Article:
Sprinkled among these organizers and the parade of visitors through Zuccotti and OWS’ various other demonstrations are stoic, always grinning, manila faces sporting thin moustaches and perfectly manicured goatees. They move amongst the protesters, holding signs themselves or simply watching silently within the encampment. The $6 disguise depicts the protagonist from the comic book series V for Vendetta, an anarchist revolutionary in post-nuclear war England who wears a Guy Fawkes mask and fights to overthrow an oppressive government. Fawkes was a co-conspirator in an infamously failed assassination attempt to kill King James I of England by blowing up the House of Lords on Nov. 5, 1605, a scheme known as the Gunpowder Plot. The ill-fated hit is immortalized annually on Nov. 5, known as Guy Fawkes Night or Bonfire Night primarily throughout the United Kingdom, in which revelers set bonfires or burn effigies of Fawkes.
Yet these are not all comic book fans occupying Liberty Square. The mask and Fawkes persona has been adopted by members and supporters of Anonymous, a faceless, nameless collective of Internet activists and hackers blamed for cyber attacks governments, corporations, municipalities and other entities it deems corrupt. Earlier this month the group allegedly shut down the New York Stock Exchange’s website for approximately one minute. Anonymous will reportedly launch an attack to shut down Facebook on Nov. 5—also the date of the OWS-supported Bank Transfer Day, in which people are encouraged to transfer their money from big banks into credit unions.
Anonymous has issued calls of support for the OWS movement, according to its Twitter feed and various online media outlets and posts, though OWS, on OccupyWallSt.org, the movement’s “unofficial de facto online resource,” disavows any affiliation with the group or Adbusters. Anonymous is also a staunch supporter of WikiLeaks, the international nonprofit that publishes secret and classified data—who’s also had a presence at Zuccotti and other OWS rallies.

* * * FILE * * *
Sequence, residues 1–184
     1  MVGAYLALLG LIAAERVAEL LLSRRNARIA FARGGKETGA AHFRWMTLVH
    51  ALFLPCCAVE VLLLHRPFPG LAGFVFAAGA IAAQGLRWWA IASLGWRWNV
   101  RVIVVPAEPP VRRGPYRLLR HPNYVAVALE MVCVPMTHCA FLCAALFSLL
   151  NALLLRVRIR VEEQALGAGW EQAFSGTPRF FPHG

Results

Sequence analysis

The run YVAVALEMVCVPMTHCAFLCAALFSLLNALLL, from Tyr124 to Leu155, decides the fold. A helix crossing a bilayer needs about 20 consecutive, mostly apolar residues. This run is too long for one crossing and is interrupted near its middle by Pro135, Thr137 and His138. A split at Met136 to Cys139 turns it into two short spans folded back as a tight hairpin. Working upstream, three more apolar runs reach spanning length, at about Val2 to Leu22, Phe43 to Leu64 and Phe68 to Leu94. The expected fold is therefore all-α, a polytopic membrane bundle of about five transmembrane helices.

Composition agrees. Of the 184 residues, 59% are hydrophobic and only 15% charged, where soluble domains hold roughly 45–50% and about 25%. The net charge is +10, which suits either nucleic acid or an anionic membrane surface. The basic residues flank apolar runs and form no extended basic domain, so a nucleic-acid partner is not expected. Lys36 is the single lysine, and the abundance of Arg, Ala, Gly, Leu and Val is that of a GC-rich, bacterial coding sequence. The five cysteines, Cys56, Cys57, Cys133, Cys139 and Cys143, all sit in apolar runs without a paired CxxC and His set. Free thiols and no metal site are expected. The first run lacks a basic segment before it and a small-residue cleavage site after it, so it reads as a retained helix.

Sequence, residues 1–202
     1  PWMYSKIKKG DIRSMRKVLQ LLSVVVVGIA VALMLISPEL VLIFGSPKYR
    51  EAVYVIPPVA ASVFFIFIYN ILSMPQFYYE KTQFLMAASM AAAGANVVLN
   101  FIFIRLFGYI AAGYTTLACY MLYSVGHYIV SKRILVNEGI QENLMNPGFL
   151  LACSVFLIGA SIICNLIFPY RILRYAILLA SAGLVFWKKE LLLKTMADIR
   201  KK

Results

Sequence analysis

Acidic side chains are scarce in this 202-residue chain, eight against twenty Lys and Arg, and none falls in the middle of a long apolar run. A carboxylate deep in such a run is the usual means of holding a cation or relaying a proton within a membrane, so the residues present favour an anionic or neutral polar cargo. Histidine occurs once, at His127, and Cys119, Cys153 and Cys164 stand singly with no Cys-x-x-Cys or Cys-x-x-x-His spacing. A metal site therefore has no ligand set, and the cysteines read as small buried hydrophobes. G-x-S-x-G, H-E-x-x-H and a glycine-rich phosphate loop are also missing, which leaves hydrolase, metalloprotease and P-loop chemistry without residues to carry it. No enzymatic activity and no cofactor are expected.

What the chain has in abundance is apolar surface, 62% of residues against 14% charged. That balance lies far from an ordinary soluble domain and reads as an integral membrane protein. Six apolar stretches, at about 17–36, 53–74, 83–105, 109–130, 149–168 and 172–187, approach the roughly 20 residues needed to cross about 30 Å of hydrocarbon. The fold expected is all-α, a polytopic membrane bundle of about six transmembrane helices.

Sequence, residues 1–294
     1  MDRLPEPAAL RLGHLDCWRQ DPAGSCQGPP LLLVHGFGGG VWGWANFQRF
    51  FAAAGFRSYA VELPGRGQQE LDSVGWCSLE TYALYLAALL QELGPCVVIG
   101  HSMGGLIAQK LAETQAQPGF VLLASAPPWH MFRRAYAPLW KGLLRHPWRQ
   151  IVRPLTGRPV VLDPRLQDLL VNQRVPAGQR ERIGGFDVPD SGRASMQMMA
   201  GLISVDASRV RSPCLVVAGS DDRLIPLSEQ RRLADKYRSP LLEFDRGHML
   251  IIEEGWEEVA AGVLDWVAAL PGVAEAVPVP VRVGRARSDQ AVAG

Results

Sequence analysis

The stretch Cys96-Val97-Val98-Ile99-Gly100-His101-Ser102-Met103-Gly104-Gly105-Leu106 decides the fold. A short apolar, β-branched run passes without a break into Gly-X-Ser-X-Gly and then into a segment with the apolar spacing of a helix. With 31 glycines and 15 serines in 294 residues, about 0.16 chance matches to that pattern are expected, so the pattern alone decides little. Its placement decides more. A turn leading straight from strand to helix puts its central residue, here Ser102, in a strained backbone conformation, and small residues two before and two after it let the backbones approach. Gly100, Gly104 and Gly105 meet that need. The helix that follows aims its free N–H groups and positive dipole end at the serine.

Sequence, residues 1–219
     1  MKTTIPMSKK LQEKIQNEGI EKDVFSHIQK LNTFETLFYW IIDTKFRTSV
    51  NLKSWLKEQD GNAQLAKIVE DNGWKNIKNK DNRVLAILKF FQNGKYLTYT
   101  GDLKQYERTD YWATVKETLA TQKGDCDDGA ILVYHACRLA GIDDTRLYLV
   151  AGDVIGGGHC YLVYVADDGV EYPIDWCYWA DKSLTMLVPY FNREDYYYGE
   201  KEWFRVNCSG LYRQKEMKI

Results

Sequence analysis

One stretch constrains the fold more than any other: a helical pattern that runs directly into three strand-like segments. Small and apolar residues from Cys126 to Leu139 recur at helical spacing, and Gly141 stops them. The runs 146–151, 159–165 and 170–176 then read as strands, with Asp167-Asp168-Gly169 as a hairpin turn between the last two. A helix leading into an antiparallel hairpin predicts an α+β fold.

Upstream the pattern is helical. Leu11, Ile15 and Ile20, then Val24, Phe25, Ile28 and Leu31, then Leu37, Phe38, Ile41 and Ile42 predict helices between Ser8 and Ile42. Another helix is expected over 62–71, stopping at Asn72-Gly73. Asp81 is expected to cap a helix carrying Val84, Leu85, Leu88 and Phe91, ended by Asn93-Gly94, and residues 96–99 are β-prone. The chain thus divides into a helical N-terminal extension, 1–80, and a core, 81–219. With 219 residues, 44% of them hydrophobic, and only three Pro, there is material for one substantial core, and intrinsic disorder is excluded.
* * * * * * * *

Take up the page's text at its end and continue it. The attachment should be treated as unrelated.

Though OWS and Anonymous both lack a singular leader, a face to their campaigns, and are absent a set list of demands—which critics and cable talking heads love to harp on—this is by design.
It’s this “shift in revolutionary tactics,” as Adbusters describes it, which is largely responsible for its mass appeal. By not handcuffing the movement to any particular set of issues, they are open to all—championing, among other actions, an end to corporate greed; the reinstatement of the Glass-Steagall Act, which prohibited banks from engaging in investment-banking activities; and a millionaire’s tax for “the 1 percent.”
The latter includes mega-rich billionaires such as oil magnates Charles and David Koch, whose extreme wealth increased exponentially during the current fiscal crisis and an August 2010 expose in The New Yorker revealed has been covertly creating and funding think tanks and nonprofits that perpetuate the current corporate and ideological status quo. [Their combined worth is $50 billion, according to Forbes magazine’s 2011 list of the super rich, up from $35 billion just last year. They’re currently tied for fourth.]
OWS’s distaste and battle cries are gaining momentum across Long Island.
Lisa Tyson, director of the Long Island Progressive Coalition—who organized a rally earlier this week with labor unions under the banner 99 New York, to stop a “$5 billion tax break” for the wealthiest New Yorkers that would result if the current tax rates expire as planned on Dec. 31—tells the Press, “I’ve been working on economic justice issues for 16 years, and for the first time ever I believe that the American people’s eyes are opened.”
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